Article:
That goes for mealtimes (and snacking), too. Cuisine is a really special touch at The Lodge. Dietary preferences and requests are taken seriously and each meal is crafted specifically to your personal wishes. And while the kitchen is the chef’s domain, it’s also a welcoming space for curious guests – or if you’re feeling peckish in the middle of the night. There are eats and treats for late-night picking and a cupboard for when you crave something sweet.
And, should you be more interested in cooking for yourself, or want to be left to your own devices entirely, there are other options on the reserve, ideal for couples or small families. Apart from The Lodge, Melozhori’s accommodations include several self-catering fully-private spaces. Hugely popular are a pair of state-of-the-art eco-pods, both of which accommodate a couple (and, by arrangement, a child). And there is also an astonishing double-level “Treehouse” that provides an elevated view of the surrounding terrain. Plus, there’s The Cottage, a two-bedroom self-catering pet-friendly abode with its own wood-fired hot tub and a pool to sweeten your connection with the outdoors.
That connection fostered with the environment will likely prove the ultimate reward for time spent at Melozhori. It is a place made for tapping into nature’s healing power, getting that recharge you deserve, and discovering that your second home was here all along.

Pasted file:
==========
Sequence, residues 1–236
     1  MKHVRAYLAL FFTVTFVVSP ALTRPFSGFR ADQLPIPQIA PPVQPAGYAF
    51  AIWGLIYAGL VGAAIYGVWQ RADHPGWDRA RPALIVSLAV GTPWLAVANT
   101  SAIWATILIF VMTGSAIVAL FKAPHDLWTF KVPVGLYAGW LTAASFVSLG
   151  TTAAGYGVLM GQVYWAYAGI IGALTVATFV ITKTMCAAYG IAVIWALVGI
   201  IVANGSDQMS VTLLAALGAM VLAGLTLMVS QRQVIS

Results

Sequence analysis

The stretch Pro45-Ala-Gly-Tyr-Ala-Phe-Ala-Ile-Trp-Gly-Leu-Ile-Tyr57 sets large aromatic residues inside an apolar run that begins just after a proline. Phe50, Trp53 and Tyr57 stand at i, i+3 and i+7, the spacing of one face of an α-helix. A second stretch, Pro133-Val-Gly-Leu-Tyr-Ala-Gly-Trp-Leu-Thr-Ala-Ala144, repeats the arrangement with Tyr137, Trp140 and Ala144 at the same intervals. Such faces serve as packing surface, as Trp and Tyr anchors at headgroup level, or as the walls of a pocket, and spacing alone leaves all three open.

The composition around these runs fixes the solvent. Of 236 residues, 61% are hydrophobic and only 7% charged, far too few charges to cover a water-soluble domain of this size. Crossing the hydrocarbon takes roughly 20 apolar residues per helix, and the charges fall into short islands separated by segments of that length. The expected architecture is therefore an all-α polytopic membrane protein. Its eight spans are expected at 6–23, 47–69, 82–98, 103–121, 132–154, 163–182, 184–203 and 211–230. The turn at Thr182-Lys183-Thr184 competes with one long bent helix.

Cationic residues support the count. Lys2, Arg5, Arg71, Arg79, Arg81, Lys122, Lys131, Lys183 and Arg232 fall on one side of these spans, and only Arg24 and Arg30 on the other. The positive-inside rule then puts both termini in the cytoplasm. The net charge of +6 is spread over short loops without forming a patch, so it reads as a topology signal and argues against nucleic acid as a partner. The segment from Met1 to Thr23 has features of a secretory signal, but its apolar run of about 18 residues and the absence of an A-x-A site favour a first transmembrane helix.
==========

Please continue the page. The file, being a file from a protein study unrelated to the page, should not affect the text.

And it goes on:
The exclusive-use 4-bedroom en-suite Lodge at Melozhori Private Game Reserve is priced from R40,000.00 per night. For reservations, make contact via www.melozhori.co.za or call +27 (0)66 595 7823 or send an email to firstname.lastname@example.org.
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Situated on the rural road between Stormsvlei and Bonnievale in the Cape Overberg, Melozhori Private Game Reserve comprises 2,300 hectares of wilderness rehabilitated from former sheep and lucern farmland. Accommodations on the property comprises The Lodge (a private-use villa-style house with four en-suite bedrooms and small staff), two self-catering Pods, the self-catering two-bedroom pet-friendly Cottage, and The Treehouse (one bedroom, self-catering); the maximum number of adult guests on the reserve at any time is 18.
Game drives and guided walks are available, and the reserve can be explored on foot and by mountain bike. It is safe and family-friendly; although inhabited by wild animals, including snakes and other creepy-crawlies, there is no dangerous big game. The reserve is 187km from Cape Town via the N2, and 202km if travelling via the N1 and through Robertson.
PHOTOGRAPHY CREDIT: DOOK